The read access delay of a static random access memory (SRAM) is dominated by the time required to develop a voltage differential on the bit-lines, particularly for small, fast level-1 (L1) caches in microprocessors. For a robust design, the bit-lines must develop a differential sufficient to overcome mismatch due to sense amplifier offsets and other signal path components before the data is sensed. This must be accomplished across all process skews and voltages. This paper proposes a design and optimization technique to minimize the bit-line voltage differential variation across process corners and voltages, which increases the read frequency by reducing the delay guard-band required at the design process corner. The technique reduces the required timing guard-band by minimizing the effects of process variation on the circuit delays. On a 90 nm high-performance cache memory data array, the typical corner guard-band required to generate the differential is reduced by 78%. Total variation in bit-line differential is reduced from 243 to 45 mV across process and voltage corners.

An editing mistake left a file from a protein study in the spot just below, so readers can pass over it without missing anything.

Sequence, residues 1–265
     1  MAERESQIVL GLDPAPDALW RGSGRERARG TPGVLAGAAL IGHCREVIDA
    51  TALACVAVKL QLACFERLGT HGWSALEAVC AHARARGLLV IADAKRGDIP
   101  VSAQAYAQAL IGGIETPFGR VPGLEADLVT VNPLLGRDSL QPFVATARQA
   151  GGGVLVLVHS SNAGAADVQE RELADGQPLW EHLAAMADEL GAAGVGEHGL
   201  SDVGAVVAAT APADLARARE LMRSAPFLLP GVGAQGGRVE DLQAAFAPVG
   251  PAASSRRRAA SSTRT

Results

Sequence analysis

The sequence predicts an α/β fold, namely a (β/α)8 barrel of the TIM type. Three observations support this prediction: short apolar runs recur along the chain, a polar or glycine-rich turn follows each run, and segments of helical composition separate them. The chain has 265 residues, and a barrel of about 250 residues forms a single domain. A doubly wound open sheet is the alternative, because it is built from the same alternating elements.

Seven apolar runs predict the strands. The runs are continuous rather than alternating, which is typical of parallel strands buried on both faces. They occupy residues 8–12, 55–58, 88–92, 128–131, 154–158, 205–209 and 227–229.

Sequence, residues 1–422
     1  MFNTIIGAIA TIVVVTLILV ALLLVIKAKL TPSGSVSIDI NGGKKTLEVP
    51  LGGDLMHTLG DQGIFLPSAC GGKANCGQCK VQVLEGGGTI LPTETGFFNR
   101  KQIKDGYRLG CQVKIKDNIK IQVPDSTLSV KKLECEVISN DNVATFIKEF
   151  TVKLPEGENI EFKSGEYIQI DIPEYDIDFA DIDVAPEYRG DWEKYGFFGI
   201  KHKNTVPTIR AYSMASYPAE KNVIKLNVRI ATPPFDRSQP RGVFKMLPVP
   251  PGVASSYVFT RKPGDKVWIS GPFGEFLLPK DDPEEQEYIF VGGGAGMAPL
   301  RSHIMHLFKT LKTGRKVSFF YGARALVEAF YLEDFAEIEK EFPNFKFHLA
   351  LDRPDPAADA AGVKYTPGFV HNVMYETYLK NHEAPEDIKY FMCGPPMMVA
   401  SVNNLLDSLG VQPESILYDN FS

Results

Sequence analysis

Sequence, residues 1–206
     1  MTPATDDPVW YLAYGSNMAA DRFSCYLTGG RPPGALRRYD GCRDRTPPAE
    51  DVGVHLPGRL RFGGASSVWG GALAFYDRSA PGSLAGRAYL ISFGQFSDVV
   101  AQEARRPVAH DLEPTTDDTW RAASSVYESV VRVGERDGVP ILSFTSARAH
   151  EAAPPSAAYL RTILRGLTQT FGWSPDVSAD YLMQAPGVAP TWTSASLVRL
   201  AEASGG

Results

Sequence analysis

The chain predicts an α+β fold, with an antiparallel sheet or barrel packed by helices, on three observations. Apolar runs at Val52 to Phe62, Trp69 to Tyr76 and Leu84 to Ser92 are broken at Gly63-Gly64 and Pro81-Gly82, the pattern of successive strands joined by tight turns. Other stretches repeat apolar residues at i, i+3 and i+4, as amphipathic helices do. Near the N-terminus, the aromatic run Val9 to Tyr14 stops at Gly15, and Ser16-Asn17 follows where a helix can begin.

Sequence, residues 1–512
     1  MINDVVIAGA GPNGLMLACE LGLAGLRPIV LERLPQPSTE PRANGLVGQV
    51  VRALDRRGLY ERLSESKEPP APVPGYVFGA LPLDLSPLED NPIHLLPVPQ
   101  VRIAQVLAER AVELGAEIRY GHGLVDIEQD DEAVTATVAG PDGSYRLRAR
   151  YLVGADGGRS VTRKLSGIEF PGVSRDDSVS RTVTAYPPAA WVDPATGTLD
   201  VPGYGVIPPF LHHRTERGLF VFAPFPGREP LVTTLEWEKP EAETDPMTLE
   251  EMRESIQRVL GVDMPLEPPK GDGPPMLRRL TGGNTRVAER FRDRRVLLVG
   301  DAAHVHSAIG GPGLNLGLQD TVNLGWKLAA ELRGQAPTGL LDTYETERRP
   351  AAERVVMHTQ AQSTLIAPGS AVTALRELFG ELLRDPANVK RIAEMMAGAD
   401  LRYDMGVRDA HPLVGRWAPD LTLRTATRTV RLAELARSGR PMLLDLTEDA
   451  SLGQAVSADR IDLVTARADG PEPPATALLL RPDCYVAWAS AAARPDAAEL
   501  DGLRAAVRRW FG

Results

- CMOS memory integrated circuits
- Memory architecture
- Programmable timers
- Replica timing
ASJC Scopus subject areas
- Hardware and Architecture
- Electrical and Electronic Engineering